Picture the scene. A one-off, almost irreplaceable concept car has been let loose on the public road by the man who built it. Inside are two people, neither of whom is an employee of the company whose car it is. The driver (me) is enjoying the power and the pep, revelling in the fact that this concept car, unlike many, not only works, but works convincingly well.
People point, jaws drop – for some have seen this neat little coupé in the motoring press and can't believe they are now seeing it for real. I am trying to get past a slow cement lorry, and splatters of cement have formed on the Peugeot RCZ's unique, show-car bonnet. It's a surreal moment.
The car is returned to its creator. You must make a production version, I say, and so does everyone else who encounters it. What better way to rekindle Peugeot's lost art of style and driving fun?
Now, two years later and encouraged by the positive vibes, Peugeot has done just that. It looks almost exactly like the concept, right down to the double-bubble roof and rear window shaped to match. The bold rails that form the roofline were aluminium in the concept car and are aluminium-clad in the real thing, and you can have the roof in real carbonfibre if you like. There are changes from the concept, but they are mere details.
As a concept, it was known as 308 RCZ, because it was based on the 308 hatchback, but with wheels set further apart on the axles. This is still true, and the dashboard is still clearly 308-derived, albeit with posh leather and a smart clock in place of the central air vent. The air of luxury tells us this is a "premium" coupé – costing from £20,450 to £22,750 – perfectly placed to compete with the Audi TT whose profile it obviously resembles. But look past the leather upholstery and the metallic accents and you'll find hard plastics for the middle section of door trim and the glovebox. That's a pity.
The RCZ does look exotic from the outside, though. It's a neat, taut coupé with minimal rear seats and a self-raising rear spoiler, and in black with black wheels and the black chrome roof-arch option it looks particularly purposeful. Three engines will be offered, a 2.0-litre turbodiesel with 163bhp for the CO2-watchers, and a pair of 1.6-litre, direct-injection, turbo petrol engines with 156 or 200bhp. Part of a joint venture between Peugeot and BMW, similar engines are also found in Minis, but this new 200bhp unit uniquely combines variable valve timing and lift with a twin-scroll, fast-response turbocharger.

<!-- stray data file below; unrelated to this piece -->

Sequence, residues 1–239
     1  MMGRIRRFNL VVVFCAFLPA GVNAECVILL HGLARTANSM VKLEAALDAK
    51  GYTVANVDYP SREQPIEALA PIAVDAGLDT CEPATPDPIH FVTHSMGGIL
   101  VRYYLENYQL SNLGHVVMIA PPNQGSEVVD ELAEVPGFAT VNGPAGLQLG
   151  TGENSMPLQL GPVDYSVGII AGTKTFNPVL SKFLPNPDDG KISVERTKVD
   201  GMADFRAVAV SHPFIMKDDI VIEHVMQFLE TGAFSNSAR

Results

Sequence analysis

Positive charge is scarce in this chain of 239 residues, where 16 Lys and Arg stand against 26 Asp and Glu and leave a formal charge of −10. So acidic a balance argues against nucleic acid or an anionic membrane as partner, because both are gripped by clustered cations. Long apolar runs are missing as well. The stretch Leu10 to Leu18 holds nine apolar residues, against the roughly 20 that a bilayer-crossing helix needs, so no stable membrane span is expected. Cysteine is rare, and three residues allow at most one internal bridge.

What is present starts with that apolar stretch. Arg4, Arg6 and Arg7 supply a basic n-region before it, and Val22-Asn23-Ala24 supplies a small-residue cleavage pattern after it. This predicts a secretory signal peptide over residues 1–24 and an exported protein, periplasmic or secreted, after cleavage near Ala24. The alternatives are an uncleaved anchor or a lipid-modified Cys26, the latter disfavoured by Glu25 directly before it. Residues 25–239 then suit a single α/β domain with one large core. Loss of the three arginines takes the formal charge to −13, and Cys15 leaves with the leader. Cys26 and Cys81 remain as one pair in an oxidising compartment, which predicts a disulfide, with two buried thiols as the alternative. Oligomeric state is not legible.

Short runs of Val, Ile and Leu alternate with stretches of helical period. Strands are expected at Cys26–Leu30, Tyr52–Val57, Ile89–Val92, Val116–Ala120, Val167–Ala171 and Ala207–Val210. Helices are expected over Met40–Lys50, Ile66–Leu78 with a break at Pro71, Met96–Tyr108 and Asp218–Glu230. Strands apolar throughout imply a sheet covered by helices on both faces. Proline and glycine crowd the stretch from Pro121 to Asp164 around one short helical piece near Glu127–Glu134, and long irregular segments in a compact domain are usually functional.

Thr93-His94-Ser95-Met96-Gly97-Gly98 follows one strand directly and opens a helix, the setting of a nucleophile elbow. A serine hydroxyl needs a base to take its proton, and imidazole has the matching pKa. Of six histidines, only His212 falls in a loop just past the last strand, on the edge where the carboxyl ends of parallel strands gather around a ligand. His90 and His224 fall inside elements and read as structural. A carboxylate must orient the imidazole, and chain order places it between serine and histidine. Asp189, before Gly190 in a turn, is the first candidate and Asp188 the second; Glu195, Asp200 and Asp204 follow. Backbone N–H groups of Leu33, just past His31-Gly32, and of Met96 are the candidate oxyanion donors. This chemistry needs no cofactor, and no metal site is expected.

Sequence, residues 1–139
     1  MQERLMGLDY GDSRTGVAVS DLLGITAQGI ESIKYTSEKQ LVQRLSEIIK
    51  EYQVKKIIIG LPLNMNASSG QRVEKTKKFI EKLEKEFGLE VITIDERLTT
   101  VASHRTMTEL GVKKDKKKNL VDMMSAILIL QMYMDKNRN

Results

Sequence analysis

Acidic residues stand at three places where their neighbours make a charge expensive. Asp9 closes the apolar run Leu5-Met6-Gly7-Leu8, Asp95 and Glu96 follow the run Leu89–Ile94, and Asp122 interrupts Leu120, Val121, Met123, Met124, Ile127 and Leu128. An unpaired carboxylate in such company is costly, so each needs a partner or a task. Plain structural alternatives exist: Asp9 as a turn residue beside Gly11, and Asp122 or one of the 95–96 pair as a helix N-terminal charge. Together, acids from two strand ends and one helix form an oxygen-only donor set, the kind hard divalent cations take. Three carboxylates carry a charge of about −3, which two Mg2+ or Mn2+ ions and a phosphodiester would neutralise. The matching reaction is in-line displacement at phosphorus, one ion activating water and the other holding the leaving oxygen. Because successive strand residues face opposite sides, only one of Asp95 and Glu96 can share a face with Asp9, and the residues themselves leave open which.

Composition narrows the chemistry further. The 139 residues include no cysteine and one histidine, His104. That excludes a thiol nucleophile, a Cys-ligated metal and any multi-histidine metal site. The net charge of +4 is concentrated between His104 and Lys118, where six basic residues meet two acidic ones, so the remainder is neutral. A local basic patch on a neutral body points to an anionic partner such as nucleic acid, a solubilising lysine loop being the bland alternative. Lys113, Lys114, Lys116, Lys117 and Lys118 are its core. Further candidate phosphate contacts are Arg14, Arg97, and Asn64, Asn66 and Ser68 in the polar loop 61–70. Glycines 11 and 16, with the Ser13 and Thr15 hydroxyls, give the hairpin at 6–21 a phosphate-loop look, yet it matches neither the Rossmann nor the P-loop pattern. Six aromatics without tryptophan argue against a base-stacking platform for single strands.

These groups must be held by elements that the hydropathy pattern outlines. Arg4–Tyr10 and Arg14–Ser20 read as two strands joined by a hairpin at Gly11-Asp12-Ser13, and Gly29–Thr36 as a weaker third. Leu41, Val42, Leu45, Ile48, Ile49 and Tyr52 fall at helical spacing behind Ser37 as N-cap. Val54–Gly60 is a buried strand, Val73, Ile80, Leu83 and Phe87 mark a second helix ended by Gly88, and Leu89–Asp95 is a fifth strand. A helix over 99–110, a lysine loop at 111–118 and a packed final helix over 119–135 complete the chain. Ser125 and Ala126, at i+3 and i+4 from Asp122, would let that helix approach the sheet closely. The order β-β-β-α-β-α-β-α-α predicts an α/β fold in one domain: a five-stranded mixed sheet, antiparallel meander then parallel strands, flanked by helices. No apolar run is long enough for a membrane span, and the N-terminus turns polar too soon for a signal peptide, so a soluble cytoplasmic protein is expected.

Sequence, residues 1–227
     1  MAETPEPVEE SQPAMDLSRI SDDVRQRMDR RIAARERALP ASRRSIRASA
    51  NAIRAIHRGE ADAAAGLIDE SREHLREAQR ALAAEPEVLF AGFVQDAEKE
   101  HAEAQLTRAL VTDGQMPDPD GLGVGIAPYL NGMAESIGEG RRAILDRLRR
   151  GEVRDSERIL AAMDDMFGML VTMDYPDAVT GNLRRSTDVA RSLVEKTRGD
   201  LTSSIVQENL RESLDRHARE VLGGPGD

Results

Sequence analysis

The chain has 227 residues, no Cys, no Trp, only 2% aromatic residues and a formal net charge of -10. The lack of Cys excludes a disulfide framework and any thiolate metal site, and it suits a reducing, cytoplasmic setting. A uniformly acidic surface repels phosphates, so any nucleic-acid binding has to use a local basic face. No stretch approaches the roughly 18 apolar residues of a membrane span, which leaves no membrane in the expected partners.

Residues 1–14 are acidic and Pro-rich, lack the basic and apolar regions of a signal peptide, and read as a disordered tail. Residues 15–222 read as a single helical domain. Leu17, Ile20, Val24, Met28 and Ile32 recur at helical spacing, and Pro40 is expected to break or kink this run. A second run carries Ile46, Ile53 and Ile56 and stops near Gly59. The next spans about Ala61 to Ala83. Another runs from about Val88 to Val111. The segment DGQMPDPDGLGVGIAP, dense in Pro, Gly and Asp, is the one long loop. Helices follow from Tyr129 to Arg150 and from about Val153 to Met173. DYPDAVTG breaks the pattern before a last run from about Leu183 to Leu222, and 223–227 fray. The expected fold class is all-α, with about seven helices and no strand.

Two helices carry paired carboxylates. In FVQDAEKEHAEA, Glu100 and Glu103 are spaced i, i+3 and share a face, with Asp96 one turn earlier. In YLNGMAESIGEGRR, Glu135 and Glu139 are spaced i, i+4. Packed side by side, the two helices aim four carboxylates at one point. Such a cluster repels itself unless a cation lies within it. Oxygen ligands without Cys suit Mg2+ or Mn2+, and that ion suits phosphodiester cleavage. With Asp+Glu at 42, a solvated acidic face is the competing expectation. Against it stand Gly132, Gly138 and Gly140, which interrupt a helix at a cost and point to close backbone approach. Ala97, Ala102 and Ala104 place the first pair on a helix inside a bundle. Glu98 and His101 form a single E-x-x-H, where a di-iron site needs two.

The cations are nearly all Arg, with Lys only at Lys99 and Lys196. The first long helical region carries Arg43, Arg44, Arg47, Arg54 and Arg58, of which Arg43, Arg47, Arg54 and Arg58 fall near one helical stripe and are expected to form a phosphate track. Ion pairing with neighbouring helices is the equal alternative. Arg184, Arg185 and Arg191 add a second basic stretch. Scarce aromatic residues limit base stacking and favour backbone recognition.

Most recent tales of sporting Peugeots have been laced with regret at a once-great talent lost. But Peugeot's newest family cars (308, 3008 and 5008) do show a return to form with their combination of precise steering and a supple ride. So I am optimistic as I settle into the seat of a diesel RCZ and head for the hills.
The dashboard may be 308-like but the driving position is lower-set and more sporting. Straight away some optimism is rewarded, because this RCZ is smooth, quiet, supple over bumps, and accurate in the steering. The engine pulls with the gusto expected of a modern turbodiesel, yet it spins more freely than most and sounds as if it enjoys the process. This is a promising combination of engine and sports coupé, but something is missing. Could it be just a little sharper when turning into a tight bend? Could it give its driver just a little more chance to balance the flow of power and steering on an interesting road? Rehabilitation isn't complete yet.
And so to the RCZ 200 THP, with that new turbo engine and a standard-fit Sport pack. This includes a slightly smaller steering wheel which should clearly be standard, because it's one reason for this car's greater flickability on tight, twisty roads. Another is the lighter engine, a third is that the front suspension uses stronger pivots on a stronger subframe and so feels crisper and more direct in its responses.
And yes, this is it. This is the Peugeot that puts things right, the Peugeot that augurs well for the next hot hatchback that the company has hinted is on its way. The engine pulls with crisp-edged energy, and the way this RCZ copes with one of the best driving roads I have ever experienced (in the mountains west of Bilbao) will stay with me a long time. This is one entertaining car, a car which involves you in the art and science of automotive dynamics in the way a TT just does not.
I'd have one over any TT, because it's just as well made, it's more fun and it costs less. Convinced? You should be.
Model: Peugeot RCZ
Price: From £22,750 (range starts at £20,450). On sale now
Engine: 1,598cc, four cylinders, 16 valves, turbo, 200bhp at 5,500rpm, 206lb/ft at 1,770rpm
Transmission: Six-speed gearbox, front-wheel drive
Performance: 146mph, 0-62 in 7.6sec, 39.8mpg official average, CO2 159g/km
Alfa Romeo Brera 2.2 JTS: £25,440.
Another concept car makes it to production, but is let down by Alfa 159 saloon dashboard and tepid performance. Looks dramatic, has usable rear seats.
Audi TT 2.0 TFSI: from £26,245.
The obvious RCZ rival, and this cheapest, front-wheel drive, 200bhp variant is also the best TT to drive. Less fun than RCZ, though, and more expensive.
Volkswagen Scirocco 2.0 TSI: £23,540.
Similar engine and underpinnings to TT but much more entertaining. Looks great, has habitable rear seats, is deservedly popular.